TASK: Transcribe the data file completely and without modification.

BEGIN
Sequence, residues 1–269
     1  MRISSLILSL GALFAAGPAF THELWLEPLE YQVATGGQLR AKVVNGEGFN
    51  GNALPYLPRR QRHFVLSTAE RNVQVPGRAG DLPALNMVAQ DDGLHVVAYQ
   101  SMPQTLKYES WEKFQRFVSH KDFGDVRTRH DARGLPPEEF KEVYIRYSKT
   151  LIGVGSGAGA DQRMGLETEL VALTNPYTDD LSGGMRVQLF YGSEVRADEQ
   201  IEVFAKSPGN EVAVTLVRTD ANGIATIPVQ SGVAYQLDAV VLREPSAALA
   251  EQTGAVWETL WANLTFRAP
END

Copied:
Sequence, residues 1–269
     1  MRISSLILSL GALFAAGPAF THELWLEPLE YQVATGGQLR AKVVNGEGFN
    51  GNALPYLPRR QRHFVLSTAE RNVQVPGRAG DLPALNMVAQ DDGLHVVAYQ
   101  SMPQTLKYES WEKFQRFVSH KDFGDVRTRH DARGLPPEEF KEVYIRYSKT
   151  LIGVGSGAGA DQRMGLETEL VALTNPYTDD LSGGMRVQLF YGSEVRADEQ
   201  IEVFAKSPGN EVAVTLVRTD ANGIATIPVQ SGVAYQLDAV VLREPSAALA
   251  EQTGAVWETL WANLTFRAP